Progenitor cells in the developing retina initially divide so that each division produces two cells that divide again. Subsequently, progenitor cells change their mode of division so that one or both cells produced by a division can withdraw from the mitotic cycle and differentiate. We asked how these two progenitor cell stages differ molecularly and what controls the switch in the mode of division. We show that early preneurogenic progenitor cells express the transcription factor, Sox2, and the Notch ligand, Delta1. More mature neurogenic progenitor cells express Sox2 and the bHLH transcription factor, E2A, and not Delta1. Notch signaling maintains progenitor cells in the preneurogenic state. Sonic hedgehog expressed by newly differentiating cells initiates maturation of progenitor cells from preneurogenic to neurogenic at the neurogenic front, possibly by down-regulating Delta1 expression. Our results show that the preneurogenic-to-neurogenic transition is a highly organized unidirectional step made in unison by neighboring cells.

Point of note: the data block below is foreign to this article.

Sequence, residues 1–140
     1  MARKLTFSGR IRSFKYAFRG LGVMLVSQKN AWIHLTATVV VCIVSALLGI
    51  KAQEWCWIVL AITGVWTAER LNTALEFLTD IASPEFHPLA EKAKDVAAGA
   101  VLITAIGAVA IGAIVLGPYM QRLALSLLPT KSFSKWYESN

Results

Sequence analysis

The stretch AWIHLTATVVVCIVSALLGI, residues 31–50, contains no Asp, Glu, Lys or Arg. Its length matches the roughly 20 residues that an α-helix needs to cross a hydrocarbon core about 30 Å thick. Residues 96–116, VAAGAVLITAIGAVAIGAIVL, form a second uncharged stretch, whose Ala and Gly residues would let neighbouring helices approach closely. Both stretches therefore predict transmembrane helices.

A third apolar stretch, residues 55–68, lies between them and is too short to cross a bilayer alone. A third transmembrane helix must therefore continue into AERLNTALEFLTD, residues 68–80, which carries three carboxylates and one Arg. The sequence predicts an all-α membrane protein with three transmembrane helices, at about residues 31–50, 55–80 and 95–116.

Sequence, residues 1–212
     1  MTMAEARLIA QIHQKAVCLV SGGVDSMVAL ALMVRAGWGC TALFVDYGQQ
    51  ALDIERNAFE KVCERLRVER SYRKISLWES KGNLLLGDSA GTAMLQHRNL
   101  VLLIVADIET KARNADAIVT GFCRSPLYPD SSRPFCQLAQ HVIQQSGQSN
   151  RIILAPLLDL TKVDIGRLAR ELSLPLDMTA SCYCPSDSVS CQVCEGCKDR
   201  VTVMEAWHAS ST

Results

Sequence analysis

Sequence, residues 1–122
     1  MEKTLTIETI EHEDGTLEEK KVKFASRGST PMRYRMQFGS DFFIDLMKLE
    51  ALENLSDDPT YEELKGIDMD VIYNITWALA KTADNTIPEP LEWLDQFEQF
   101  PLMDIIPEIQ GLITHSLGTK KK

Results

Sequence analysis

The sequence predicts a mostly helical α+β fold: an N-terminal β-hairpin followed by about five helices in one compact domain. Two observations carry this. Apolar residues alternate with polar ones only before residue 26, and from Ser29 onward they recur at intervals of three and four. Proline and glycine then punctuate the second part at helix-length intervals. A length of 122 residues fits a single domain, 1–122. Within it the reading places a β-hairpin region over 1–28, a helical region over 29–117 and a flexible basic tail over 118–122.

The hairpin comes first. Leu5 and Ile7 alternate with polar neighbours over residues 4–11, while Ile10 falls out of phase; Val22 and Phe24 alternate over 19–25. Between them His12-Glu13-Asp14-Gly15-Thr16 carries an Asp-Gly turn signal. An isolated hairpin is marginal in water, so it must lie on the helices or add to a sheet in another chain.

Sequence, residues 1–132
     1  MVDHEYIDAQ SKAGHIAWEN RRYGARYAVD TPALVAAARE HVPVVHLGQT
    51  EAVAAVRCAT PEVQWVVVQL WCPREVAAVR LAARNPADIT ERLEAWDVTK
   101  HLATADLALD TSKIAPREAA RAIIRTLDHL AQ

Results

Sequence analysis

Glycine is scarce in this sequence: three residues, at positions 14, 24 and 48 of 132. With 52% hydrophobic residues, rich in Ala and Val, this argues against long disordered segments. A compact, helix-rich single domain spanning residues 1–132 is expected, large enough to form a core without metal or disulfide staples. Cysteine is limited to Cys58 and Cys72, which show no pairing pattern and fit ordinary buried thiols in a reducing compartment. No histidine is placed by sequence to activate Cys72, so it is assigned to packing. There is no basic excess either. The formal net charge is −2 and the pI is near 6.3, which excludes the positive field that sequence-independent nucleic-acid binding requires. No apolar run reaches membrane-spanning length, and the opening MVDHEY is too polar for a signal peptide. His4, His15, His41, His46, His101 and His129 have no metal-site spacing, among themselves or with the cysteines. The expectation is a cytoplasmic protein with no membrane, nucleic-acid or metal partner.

- Sonic hedgehog